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Nearly a year after Japan's Tohoku-Oki earthquake and tsunami, the catastrophe's effects still are being felt.
Among the most obvious, no doubt, is the impact on those who lost family members or loved ones in the March 11, 2011, tragedy. In addition, there are the approximately 80,000 people displaced by the 12-mile exclusion zone around the crippled Fukushima Daichi nuclear power plant, an area that may well remain abandoned for decades.
Other issues remain, too, far from the scene of the catastrophe. Officials in the United States and Canada, for example, continue to survey the level of radiation that might have traveled from the Fukushima plant across the Pacific to North America.
Scientists also are working to determine what might become of all the debris swept into the Pacific by the tsunami.
The Los Angeles Times last week reported on efforts to predict where ocean currents and winds ultimately might carry that debris. The post also noted that while Japanese officials estimated the tsunami created 25 million tons of debris, not all of it is destined to wash up on Hawaiian beaches. Some never made it into the ocean, some will sink and some will join the Great Pacific Garbage Patch.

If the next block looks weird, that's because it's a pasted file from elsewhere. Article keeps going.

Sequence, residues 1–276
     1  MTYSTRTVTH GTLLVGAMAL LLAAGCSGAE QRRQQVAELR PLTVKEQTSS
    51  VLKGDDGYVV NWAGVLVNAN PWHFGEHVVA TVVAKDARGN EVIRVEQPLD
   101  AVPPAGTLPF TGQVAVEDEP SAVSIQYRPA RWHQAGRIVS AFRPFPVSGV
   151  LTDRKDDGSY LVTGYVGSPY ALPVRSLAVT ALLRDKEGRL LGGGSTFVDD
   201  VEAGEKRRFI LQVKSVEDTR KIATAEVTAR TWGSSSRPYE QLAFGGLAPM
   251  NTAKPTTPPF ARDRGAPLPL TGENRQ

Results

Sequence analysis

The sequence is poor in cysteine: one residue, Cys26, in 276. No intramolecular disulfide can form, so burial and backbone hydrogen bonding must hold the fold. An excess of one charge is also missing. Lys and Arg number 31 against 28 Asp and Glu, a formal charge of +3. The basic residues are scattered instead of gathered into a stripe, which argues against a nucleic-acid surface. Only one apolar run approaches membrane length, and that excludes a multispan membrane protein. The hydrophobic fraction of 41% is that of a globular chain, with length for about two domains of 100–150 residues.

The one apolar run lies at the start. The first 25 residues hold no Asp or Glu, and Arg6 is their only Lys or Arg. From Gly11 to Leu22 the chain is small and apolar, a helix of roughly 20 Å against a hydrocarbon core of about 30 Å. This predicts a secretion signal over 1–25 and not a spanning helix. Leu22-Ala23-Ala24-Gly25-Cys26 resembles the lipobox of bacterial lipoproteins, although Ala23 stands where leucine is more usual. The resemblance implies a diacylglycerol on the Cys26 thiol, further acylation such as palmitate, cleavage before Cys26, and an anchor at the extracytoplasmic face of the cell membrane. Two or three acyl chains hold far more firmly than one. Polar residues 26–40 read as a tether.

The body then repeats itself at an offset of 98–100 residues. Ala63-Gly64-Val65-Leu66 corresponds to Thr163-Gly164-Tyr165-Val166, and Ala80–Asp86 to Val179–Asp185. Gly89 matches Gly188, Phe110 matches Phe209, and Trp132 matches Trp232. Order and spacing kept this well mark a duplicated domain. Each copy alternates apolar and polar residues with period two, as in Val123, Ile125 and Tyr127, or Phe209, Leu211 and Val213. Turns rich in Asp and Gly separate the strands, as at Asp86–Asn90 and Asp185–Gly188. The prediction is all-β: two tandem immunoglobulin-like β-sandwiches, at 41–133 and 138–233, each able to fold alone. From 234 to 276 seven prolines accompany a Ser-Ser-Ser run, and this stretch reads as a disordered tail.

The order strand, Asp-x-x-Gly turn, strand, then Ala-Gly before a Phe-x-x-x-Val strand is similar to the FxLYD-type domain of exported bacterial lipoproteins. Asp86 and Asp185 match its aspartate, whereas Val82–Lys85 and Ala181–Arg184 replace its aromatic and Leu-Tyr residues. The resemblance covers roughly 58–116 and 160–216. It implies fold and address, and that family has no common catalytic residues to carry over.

The effects of the catastrophe linger as well in the heightened risk awareness they produced. The March event—along with the floods in Thailand later in 2011—dramatically increased many organizations' awareness of the risk of supply chain disruptions. As the events in Japan disrupted various industries' supply chains, what previously had been a procurement issue in many companies suddenly became a topic of interest in the C-suite.
The 2011 catastrophe in Japan also has prompted reviews of the seismic safety of U.S. nuclear plants, and has raised the sense of urgency to address risk mitigation efforts in many earthquake- and tsunami-exposed areas, including the Pacific Northwest.
Something tells me the events of March 11, 2011, and the subsequent issues are likely to find their way into discussions at an event taking place in New York this week: Business Insurance's 2012 Risk Management Summit. The annual gathering taking place this Wednesday and Thursday brings senior risk managers from the largest companies in the U.S. and elsewhere together to focus on discussions of key issues facing their organizations.
Topics to be examined at this year's summit include cyber liability, risks of global expansion, supply chain risk management and captive insurance strategies. We'll be reporting on the summit in print and online, as well as tweeting from the event. (You can follow me at twitter.com/BusInsRZolkos.) I'm looking forward to the discussions, as well as any feedback or thoughts you might provide.